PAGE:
Weapons transitioning requires practised use of a specific skill set. These skills enable a shooter to quickly, smoothly, and efficiently switch guns during an engagement with. Weapons transitioning is usually necessary during a firefight when the primary weapon (typically a carbine) stops working and the shooter must continue firing. This blog post presents a drill for learning one particular method of weapons transitioning.
In this blog post:
You’re attempting to neutralise a threat by blazing away at him with your primary weapon—a carbine—when, suddenly, it stops working. You’re squeezing the trigger, but no more rounds are popping off.
What’s your next move? You of course reach for your sidearm so that you can continue firing.
But the way you acquire that secondary gun and what you do with the non-operational primary weapon can profoundly influence the outcome of the engagement—to the extent that you’ll either successfully eliminate the threat or he’ll eliminate you.
To prevail over an opponent, you must be able to switch quickly, smoothly, and efficiently from your primary weapon to your secondary—and, ideally, back to your primary if you can get it working again.
This is known as weapons transitioning.
In this post, you’ll learn how to maintain the advantage over a bad guy as you in seconds go from using a carbine to a holstered handgun.
However, a word of caution here. By reading this post you won’t learn any of the tactics associated with transitioning your weapons. Rather, you’ll learn only the mechanics involved in switching them.
Getting ready to practise weapons transitioning
The mechanics of transitioning your weapons are pretty simple and straightforward.
But before you can practise transitioning your weapons, you need to gear up.
First, pack your favourite carbine and sidearm into the boot of your car and head over to the range. Be sure to bring along ammo for both weapons plus magazines, a sling for the rifle, a holster for the pistol (or the revolver, if you’re totally old school), and anything else you’d customarily carry into to a firefight, such as pouches, body armour, tactical clothing, good-luck charms, and the like.
You also should bring a buddy to the range because you’re going to need someone to issue firing commands and to observe. If you can’t convince a pal to participate, then as an alternative you might consider arranging to have an instructor join you on the firing line.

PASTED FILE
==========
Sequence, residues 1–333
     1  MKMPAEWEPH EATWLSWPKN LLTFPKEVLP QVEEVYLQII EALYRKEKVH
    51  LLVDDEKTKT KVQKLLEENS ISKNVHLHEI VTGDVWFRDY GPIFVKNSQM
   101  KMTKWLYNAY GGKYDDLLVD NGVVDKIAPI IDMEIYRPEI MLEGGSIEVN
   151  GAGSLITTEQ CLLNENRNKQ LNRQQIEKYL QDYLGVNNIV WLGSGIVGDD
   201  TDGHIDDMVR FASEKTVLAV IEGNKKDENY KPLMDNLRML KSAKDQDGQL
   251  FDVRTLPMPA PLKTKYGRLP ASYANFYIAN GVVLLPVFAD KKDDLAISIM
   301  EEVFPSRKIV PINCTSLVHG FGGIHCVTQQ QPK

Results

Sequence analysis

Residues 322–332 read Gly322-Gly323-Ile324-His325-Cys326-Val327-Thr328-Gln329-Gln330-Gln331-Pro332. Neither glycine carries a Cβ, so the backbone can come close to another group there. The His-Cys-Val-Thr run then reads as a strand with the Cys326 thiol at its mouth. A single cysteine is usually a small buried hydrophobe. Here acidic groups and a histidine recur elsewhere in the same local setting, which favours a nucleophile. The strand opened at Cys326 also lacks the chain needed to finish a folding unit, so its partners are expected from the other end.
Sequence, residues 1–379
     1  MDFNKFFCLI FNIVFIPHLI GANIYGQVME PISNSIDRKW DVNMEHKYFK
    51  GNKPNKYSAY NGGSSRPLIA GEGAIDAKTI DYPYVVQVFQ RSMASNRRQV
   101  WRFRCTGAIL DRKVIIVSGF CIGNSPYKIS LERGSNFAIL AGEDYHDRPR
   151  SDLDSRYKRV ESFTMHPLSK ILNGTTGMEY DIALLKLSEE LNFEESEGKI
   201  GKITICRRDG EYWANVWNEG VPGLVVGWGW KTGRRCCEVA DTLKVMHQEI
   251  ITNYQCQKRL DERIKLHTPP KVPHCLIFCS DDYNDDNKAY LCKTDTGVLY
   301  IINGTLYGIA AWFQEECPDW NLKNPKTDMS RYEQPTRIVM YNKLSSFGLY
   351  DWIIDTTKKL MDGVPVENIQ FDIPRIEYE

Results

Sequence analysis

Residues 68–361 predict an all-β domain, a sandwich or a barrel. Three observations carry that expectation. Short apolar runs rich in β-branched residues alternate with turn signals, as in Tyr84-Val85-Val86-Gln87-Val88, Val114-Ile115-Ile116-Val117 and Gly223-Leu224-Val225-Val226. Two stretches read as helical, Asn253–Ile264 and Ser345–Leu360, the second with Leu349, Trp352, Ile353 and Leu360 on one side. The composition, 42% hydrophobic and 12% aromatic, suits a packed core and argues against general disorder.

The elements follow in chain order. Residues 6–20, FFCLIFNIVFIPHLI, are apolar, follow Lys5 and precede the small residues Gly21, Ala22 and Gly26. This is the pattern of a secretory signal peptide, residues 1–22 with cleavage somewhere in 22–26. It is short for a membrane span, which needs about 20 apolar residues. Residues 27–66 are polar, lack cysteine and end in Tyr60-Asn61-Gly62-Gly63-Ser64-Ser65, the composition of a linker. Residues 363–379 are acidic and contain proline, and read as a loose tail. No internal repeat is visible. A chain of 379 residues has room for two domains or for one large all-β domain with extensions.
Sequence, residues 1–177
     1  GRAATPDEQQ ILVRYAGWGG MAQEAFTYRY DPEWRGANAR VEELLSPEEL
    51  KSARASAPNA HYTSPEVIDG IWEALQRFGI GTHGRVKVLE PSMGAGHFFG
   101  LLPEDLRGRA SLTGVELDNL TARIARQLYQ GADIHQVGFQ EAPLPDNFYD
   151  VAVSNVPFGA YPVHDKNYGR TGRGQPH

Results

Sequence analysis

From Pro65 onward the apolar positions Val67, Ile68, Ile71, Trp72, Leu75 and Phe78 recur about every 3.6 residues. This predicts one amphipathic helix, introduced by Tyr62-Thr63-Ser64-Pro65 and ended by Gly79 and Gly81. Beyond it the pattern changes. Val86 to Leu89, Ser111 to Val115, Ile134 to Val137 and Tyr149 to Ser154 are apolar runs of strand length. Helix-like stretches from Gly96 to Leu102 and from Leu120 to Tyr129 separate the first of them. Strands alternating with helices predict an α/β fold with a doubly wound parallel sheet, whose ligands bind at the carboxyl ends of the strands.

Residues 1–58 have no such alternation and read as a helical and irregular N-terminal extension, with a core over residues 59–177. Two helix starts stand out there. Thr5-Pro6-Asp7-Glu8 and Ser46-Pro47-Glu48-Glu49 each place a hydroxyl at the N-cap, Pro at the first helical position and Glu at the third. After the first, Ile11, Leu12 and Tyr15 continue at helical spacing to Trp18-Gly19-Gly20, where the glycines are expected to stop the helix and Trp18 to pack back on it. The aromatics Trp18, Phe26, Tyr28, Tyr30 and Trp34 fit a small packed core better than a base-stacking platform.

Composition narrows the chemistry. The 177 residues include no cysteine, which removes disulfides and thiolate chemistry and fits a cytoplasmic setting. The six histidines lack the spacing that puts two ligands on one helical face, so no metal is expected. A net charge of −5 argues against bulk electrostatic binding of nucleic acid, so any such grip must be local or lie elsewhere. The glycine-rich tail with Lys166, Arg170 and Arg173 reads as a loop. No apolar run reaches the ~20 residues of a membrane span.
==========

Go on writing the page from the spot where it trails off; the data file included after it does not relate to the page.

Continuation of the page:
Actually, working with an instructor could be just the ticket if your buddy isn’t someone already in possession of high-level shooting and weapons transitioning skills.
Practising at the range
There are a variety of ways to transition weapons. However, this post will spotlight just one of them—a method that many instructors prefer to teach. You’ll like it too, if for no reason other than it being relatively easy to master.
Begin by grabbing an empty magazine for your carbine. Load in one round only. Insert it into the carbine’s magazine well.
Now pick up a second empty magazine for your carbine but this time load it to full capacity. Park this second magazine in an ammo pouch attached to your belt or elsewhere on your person.
The purpose of loading only one round into the first magazine is to allow you to pretend that your weapon has stopped working. What’s going to happen is you’ll fire the carbine once and then won’t be able to take any more shots—just as would occur in real life were you to have started with a full magazine but then used up all the bullets or were your weapon to have suffered bolt lock.
Next, sling the carbine and walk up to the firing line. Come up on the target. Wait for your buddy (or the instructor) to give the command to fire. Upon that command, attempt to repeatedly fire the carbine. You’ll of course only get off the one shot before the gun stops working.